Continue reading Reading Out Loud Gives Us Pause

To Everything There Is a Season

THE OLDEST METHODIST CHURCH in Burke County, N.C., is Gilboa Church, built on the site of a meeting place visited by Methodist Bishop Francis Asbury in 1793. This building was constructed in 1879. Some of my maternal ancestors are buried there.


I’m starting this column on March 28, 2019, so who knows what will happen between now and when it’s posted—or if it’s ever posted? No one, right? Life can be good, bad or indifferent.

But it’s Opening Day in Major League baseball, when hope, if not optimism, springs eternal, and when grass, except here in Boone, is green again. So here’s what I’m thinking about right now.

It has been that kind of retirement so far for Timberley and me. We retired from public school teaching in August 2016 because the demands of working full-time and helping care for two elderly, seriously-ill parents had become too great. Then, after saying good-bye to the daily grind of teaching—and three-quarters of our annual income—both of us encountered health problems of our own that far overshadowed mere worries about financial security.

Fortunately, as of this writing, we both have realized “new normals” in response to our medical challenges. Timberley has been able to continue teaching part-time at Appalachian State University during three of the past four semesters since her cancer surgery, and last fall I started working there, too, as a part-time consultant in the University Writing Center, my first real job since my back surgery one year ago this week. For those opportunities, we’re grateful.

Continue reading To Everything There Is a Season

Life’s Simple Pleasures Are The Best


Way back in the 1970s, my favorite TV commercial was one featuring the jingle that began, “Simple pleasures are the best….”

Do you remember the product being sold? Nah, me neither.

That was ages ago when everything was so much different from now. Back then, we had Nixon, Watergate and the war in Vietnam. The Soviet Union was our enemy. And we lived under the threat of nuclear war. Sounds like the Dark Ages, huh?

So in the spirit of modern times, I’m typing this column with my thumbs, one eye on my phone’s battery level. Why so careful? Because I intend to type more than 280 characters, and I don’t want my phone to launch or flush my thoughts unilaterally. It has an evil mind of its own sometimes. Continue reading Life’s Simple Pleasures Are The Best

Update: Thursday, June 22, 2017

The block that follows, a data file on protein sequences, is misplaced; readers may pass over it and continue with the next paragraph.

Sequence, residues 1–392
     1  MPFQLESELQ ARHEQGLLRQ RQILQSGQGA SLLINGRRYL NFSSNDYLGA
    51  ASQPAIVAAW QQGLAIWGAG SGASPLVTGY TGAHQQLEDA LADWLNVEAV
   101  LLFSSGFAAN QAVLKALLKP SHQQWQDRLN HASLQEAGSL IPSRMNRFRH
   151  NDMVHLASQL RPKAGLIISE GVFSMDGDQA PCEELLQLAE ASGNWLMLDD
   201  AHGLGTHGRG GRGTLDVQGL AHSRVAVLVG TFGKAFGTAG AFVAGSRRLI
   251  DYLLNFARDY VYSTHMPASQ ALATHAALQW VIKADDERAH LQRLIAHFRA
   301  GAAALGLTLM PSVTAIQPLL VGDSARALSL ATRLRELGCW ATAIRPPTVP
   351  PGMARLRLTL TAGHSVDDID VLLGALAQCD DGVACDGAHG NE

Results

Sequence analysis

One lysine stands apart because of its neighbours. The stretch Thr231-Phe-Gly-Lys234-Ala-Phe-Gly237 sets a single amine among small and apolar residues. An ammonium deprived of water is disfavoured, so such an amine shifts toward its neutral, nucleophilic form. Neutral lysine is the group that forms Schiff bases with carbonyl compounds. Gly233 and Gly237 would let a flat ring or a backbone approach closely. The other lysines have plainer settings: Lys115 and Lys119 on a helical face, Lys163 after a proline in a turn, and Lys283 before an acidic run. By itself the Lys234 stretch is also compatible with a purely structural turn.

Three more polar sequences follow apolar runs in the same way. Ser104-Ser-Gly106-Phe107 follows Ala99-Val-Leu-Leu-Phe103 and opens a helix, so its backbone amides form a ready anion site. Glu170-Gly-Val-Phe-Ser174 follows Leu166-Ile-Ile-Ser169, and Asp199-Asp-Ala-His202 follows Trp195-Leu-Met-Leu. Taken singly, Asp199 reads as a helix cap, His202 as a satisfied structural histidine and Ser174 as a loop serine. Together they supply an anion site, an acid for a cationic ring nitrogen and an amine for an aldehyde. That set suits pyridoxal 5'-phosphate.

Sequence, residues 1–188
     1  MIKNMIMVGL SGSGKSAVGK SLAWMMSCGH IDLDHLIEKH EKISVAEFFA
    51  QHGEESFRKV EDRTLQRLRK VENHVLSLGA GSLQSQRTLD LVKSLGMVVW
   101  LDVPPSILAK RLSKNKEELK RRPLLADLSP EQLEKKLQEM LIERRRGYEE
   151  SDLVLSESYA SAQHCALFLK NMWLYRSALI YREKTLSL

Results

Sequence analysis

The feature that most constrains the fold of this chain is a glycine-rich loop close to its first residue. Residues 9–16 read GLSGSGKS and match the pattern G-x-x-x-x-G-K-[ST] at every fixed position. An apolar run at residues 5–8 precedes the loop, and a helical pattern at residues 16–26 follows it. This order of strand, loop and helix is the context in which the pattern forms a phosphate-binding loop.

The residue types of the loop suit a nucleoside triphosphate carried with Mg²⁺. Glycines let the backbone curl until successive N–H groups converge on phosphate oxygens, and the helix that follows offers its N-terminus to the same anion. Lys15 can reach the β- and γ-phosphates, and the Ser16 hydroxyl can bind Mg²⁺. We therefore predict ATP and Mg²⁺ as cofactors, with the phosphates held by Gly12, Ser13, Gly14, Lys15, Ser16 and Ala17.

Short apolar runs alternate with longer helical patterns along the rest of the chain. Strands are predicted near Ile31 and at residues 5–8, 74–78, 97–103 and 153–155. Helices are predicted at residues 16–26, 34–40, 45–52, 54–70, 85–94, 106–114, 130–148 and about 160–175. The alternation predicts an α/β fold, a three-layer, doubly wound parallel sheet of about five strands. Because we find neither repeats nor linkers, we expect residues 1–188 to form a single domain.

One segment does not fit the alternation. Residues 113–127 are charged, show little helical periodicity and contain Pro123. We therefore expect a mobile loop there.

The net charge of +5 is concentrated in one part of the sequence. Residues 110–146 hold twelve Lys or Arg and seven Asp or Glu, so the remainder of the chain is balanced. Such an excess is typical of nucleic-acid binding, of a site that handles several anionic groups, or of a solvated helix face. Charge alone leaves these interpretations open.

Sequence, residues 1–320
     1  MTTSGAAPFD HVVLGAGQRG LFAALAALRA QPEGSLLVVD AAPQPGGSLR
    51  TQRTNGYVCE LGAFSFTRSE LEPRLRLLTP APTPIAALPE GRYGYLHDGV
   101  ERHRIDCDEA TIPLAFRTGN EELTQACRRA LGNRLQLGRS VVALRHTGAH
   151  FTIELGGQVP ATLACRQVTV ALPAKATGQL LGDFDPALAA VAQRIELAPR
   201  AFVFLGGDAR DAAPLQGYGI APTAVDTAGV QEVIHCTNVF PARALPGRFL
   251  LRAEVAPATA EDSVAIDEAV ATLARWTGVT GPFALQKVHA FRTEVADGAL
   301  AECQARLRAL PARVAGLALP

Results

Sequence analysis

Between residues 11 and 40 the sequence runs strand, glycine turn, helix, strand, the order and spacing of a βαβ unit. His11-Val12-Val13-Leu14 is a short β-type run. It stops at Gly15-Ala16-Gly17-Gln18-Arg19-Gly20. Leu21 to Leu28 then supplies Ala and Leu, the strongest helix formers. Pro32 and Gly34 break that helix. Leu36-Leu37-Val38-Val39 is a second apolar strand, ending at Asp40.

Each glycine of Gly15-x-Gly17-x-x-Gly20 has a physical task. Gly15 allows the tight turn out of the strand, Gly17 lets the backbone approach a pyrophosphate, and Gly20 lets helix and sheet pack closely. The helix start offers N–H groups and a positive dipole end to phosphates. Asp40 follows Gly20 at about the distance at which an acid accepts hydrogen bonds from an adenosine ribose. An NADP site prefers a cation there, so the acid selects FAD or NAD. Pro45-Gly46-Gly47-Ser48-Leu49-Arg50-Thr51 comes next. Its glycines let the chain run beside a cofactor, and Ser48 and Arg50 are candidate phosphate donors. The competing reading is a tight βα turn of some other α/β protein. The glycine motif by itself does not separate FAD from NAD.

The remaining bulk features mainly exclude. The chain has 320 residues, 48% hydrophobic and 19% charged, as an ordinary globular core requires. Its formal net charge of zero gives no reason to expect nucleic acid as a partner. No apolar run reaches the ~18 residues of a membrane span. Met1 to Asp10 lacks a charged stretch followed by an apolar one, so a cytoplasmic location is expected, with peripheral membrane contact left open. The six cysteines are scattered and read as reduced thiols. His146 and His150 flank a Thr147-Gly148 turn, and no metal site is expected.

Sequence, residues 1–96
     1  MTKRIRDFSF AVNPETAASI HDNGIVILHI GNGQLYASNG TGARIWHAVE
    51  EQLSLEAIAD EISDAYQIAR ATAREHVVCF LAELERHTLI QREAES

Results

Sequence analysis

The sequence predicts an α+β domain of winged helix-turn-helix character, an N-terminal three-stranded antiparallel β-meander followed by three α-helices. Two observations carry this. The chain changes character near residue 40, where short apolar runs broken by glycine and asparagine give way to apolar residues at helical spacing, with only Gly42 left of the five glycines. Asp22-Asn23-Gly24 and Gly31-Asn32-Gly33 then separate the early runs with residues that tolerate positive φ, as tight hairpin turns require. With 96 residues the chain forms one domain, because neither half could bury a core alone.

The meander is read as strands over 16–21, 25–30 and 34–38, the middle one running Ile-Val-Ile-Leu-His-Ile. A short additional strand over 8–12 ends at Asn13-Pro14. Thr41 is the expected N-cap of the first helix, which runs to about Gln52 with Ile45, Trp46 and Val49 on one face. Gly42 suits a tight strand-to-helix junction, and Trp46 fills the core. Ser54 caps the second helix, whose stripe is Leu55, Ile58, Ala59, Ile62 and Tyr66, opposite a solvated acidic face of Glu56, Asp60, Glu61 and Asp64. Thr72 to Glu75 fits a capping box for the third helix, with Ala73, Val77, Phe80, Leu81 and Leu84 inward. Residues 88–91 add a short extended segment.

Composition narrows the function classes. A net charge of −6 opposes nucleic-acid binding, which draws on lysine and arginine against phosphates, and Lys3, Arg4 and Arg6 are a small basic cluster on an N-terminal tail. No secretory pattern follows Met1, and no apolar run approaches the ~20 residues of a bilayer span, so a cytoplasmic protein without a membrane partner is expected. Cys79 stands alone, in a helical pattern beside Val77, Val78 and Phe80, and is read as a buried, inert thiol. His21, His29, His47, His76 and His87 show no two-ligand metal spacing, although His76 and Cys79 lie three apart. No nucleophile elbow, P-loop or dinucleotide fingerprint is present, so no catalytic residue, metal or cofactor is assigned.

Timberley sports her new hospital band she now must wear until surgery next week.
Timberley sports her new hospital band that she now must wear until surgery next week.

As I write this column, we’re getting ready for the start—the real start—of a challenging summer, one that will require courage, patience and, above all, love.

Yesterday, the first day of summer, we touched all the bases—Boone, Morganton and Charlotte—on our own personal Field of Dreams in hopes of finally being safe at home when this is over. Yesterday it was mainly prep work looking toward Timberley’s surgery next week, not just medical stuff like having blood typed and matched, but also getting various things in order in Boone and Morganton. Continue reading Update: Thursday, June 22, 2017

Update: Wednesday, June 7, 2017

Timberley (pre-haircut) poses with our van, Nola the Gray Goose.
Timberley, before her haircut, poses with our new van, Nola, also known as the Gray Goose.


This morning after arriving at Carolinas Medical Center
Early this morning at Carolinas Medical Center

As Timberley posted earlier today on Facebook, the past week has been difficult for her family. Her uncle Larry Brittian and her stepfather Vernon McKee both passed away after long bouts with cancer.

We extend our condolences to Larry’s and Vernon’s families; and our love especially to Timberley’s aunt Brenda and cousins Chris and Leslie, and, above all, to Timberley’s mother, Ruth. Continue reading Update: Wednesday, June 7, 2017

Weekend Update: Sunday, May 20, 2017


Timberley before her appointment last week in Charlotte
Timberley before our appointment last week in Charlotte

What you’re about to read certainly wasn’t what Timberley and I had envisioned for this column last September when I started writing it. We wanted it to be about the ordinary lives of two recent retirees from public education—our own attempt at “half-fast living” after years of watching our working lives fly by largely out of our control.

That was our intent. Instead, there is nothing half-fast about what’s been happening to us for the past eight weeks. For the foreseeable future, this space will be used hopefully—and I use that adverb there deliberately—to keep our friends and extended family members as informed as they wish to be about a serious situation involving Timberley’s health. Continue reading Weekend Update: Sunday, May 20, 2017